Establishing transition goals requires a unique and individualized approach for each student. Goals are developed based on assessment outcomes and the child’s needs as identified prior to their 16th birthday. Goal identification should begin as early as elementary school when the student is beginning to develop particular interests as they learn key concepts. In middle school, the student may become more focused on a particular subject or topic, guiding their interests toward a potential career path, and in high school, students can further explore a specific area or skill set. This practice is standard for general education students preparing for postsecondary education and must be made a common practice for students with disabilities preparing for life after high school as well.

The Parent Advocate

Parents play an essential role in the development of transition guidance. Meeting with an IEP team 30 minutes a year to consult on a transition plan is not sufficient nor effective, and contributes to why schools struggle to develop successful student ITPs. As with any service, an ITP begins with a comprehensive transitional assessment. From there, parents can advocate for their child in team meetings, request annual reassessments, and seek legal assistance to help guide the process of transitioning. Having an understanding of California ITP compliance requirements can help parents advocate effectively throughout the goal-setting process.

Preparing for Independence

If the student’s end goal is to live at home with their parents, the student still needs to learn how to be as independent as possible. Determining goals that can help the student learn life skills such as cooking, cleaning, and maintaining a safe environment are essential to healthy, independent living.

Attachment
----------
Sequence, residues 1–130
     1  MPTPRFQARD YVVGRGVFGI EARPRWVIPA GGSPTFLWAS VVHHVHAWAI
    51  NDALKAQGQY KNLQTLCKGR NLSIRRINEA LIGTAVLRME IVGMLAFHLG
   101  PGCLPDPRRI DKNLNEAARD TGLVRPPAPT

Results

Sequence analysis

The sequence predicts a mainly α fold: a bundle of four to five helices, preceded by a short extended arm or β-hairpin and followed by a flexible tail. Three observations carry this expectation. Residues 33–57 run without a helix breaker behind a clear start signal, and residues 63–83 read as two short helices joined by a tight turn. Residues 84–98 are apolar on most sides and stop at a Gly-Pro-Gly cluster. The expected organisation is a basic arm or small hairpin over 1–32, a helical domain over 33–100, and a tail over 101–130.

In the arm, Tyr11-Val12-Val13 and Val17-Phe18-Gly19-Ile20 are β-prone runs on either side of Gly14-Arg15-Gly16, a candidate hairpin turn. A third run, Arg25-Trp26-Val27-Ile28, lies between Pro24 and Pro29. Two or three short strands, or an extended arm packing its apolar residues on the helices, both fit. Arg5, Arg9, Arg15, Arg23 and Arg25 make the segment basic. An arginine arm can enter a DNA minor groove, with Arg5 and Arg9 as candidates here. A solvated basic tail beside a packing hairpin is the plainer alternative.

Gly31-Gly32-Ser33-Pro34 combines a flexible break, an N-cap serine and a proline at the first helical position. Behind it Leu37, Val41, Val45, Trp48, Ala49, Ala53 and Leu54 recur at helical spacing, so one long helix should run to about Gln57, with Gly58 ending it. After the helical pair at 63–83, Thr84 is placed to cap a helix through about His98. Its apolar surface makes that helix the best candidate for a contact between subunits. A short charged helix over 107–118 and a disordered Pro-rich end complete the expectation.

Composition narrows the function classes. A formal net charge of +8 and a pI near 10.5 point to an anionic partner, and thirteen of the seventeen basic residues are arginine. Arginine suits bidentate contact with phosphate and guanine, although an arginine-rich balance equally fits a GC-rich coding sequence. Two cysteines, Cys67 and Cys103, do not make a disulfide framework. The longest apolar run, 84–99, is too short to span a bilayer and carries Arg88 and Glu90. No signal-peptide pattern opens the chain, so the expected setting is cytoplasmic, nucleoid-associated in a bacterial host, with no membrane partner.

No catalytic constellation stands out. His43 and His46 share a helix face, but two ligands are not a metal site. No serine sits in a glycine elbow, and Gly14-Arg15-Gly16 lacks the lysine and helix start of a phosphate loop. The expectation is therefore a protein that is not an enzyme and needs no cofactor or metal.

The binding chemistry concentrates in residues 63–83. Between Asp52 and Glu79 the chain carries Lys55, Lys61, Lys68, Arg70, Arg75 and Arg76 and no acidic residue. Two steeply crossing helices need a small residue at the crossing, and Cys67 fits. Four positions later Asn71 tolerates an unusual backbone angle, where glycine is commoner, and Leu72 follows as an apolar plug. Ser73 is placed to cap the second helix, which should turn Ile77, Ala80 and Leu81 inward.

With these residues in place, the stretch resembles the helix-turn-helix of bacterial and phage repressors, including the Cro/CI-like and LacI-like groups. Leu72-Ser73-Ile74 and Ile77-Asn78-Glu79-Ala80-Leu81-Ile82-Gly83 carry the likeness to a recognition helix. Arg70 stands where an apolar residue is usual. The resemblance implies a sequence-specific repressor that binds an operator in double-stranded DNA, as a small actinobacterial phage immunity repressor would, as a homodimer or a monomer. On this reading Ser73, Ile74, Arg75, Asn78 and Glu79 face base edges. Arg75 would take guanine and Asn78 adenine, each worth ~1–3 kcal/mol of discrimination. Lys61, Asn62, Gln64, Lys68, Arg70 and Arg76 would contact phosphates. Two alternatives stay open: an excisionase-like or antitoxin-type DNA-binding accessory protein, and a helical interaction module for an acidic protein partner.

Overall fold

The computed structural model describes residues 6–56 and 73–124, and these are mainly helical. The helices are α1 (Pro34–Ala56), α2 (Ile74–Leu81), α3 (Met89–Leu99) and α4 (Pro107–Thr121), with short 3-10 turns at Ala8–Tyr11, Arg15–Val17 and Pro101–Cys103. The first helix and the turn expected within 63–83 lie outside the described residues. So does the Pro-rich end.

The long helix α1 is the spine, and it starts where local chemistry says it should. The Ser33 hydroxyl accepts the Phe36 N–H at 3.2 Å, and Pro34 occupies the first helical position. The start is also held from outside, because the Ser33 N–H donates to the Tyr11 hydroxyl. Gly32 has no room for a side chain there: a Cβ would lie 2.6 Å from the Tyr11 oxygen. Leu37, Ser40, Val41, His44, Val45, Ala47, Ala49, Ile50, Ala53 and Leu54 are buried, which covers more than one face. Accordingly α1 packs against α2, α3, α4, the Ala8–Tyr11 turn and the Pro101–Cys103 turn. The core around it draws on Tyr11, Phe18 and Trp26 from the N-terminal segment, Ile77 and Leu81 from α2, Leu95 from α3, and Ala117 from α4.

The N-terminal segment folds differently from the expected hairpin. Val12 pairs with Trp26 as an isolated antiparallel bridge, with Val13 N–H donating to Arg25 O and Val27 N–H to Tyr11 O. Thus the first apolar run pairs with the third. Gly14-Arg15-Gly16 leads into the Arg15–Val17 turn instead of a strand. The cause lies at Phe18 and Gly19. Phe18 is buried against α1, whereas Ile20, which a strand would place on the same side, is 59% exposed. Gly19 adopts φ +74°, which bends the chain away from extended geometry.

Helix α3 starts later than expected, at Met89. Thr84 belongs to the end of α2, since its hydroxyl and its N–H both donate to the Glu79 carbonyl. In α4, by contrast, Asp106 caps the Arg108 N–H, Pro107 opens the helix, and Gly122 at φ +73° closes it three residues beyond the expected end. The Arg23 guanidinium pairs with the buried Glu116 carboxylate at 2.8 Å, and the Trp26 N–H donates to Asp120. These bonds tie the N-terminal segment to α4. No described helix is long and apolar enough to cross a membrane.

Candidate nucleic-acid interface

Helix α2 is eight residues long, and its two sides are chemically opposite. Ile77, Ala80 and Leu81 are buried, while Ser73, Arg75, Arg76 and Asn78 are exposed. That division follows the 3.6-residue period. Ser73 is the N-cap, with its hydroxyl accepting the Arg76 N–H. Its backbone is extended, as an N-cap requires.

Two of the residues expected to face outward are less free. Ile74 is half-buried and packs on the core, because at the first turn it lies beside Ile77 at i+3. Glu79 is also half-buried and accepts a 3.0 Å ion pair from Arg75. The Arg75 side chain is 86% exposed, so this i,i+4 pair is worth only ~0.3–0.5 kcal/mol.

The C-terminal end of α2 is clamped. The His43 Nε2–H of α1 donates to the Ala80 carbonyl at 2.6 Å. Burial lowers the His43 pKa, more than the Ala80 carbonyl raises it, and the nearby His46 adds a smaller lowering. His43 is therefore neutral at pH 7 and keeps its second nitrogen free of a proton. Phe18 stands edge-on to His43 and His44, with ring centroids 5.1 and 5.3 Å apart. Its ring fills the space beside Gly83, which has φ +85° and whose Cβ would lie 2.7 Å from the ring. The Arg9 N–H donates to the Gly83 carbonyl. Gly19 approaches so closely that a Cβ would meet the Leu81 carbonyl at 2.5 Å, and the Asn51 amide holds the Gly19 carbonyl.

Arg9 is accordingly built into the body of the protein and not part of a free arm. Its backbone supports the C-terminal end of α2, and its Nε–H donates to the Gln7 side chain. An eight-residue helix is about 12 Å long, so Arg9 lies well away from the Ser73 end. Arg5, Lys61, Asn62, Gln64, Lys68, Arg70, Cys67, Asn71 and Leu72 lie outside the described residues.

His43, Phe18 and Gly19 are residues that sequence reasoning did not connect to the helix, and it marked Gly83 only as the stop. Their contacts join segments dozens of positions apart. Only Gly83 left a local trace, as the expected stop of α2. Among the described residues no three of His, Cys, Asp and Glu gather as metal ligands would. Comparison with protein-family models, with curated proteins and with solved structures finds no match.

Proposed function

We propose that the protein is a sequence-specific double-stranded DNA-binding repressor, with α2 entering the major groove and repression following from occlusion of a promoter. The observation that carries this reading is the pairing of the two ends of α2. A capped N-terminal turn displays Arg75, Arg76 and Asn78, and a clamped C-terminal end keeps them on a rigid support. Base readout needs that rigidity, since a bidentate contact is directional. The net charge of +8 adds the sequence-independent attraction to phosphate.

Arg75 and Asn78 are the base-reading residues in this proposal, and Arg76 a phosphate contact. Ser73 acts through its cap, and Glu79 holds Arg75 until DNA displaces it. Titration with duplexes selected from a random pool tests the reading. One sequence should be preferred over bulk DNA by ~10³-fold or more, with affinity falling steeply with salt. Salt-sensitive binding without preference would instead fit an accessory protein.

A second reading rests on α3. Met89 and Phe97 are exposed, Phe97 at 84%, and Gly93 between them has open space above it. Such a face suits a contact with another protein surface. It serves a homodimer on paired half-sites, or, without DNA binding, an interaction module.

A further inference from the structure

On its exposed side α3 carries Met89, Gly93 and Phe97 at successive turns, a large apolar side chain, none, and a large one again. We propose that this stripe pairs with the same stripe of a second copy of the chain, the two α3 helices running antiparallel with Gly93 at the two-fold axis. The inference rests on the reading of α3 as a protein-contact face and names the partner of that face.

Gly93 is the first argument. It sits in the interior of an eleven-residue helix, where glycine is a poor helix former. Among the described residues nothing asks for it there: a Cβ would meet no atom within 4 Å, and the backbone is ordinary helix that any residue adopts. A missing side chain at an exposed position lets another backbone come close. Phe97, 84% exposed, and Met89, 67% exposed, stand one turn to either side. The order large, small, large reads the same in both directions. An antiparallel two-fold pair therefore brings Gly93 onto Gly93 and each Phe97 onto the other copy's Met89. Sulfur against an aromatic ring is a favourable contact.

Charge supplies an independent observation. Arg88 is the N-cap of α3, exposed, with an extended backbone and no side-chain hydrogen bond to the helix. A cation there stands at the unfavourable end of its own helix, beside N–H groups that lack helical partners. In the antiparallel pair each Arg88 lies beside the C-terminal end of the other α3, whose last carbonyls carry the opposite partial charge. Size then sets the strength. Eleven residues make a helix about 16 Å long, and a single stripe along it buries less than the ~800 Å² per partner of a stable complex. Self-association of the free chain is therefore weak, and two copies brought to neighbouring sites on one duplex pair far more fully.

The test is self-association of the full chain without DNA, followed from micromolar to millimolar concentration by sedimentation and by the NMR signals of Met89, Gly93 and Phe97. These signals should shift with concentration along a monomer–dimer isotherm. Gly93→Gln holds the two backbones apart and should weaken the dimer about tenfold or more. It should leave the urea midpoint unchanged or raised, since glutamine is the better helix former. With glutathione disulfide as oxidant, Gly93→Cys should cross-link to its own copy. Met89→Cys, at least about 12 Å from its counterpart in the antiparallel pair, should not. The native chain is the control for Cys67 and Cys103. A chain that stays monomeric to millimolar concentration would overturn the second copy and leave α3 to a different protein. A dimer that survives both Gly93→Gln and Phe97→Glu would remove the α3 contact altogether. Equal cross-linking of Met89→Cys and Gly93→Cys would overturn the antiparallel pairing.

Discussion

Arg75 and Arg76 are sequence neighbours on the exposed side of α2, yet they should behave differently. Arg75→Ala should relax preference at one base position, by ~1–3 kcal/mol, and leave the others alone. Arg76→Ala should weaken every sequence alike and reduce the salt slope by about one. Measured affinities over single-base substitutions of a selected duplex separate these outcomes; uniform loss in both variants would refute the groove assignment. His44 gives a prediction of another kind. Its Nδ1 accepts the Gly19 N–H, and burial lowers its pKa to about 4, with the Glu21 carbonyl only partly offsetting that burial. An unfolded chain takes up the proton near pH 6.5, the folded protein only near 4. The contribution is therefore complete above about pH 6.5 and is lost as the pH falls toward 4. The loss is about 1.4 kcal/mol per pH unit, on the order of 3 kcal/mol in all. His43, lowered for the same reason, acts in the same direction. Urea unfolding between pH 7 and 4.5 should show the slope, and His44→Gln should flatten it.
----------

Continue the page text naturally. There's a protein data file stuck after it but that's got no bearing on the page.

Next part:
Regardless of the student’s transition objectives, it is important for the student to be able to recognize their differences and understand that learning differently is normal. Having a strong understanding of their strengths and weaknesses, and being able to vocalize their needs and ask questions will help make them better learners and take on fulfilling responsibilities.

Creating opportunities for students with disabilities to connect with other individuals with similar disabilities will help them recognize their potential and see that it is possible to be successful and follow their dreams. Exemplifying high-profile individuals such as actor Keanu Reeves and California Governor Gavin Newsome, who have both been diagnosed with dyslexia and were able to create plans to overcome their language challenges, can also be inspiring. President Biden has struggled with a speech impediment throughout his life as well.

Developing self-advocacy is an important tool for students who learn differently. Understanding their differences will only help a student become more successful, gain self-reliance, and be proud of their accomplishments.

When to Seek Legal Help

Navigating IEP and ITP meetings can be challenging and stressful. If you feel overwhelmed by the process, it is important to seek legal assistance as quickly as possible. Hiring an attorney who works exclusively in special education is essential to the unique nature of advocating for children with diverse needs.

Jennifer Chang is an experienced Education Rights Attorney in California. She has successfully assisted many students with disabilities and their families to understand their legal rights surrounding transitional plans and help them receive the services they deserve. To schedule an appointment with Jennifer, contact her office today.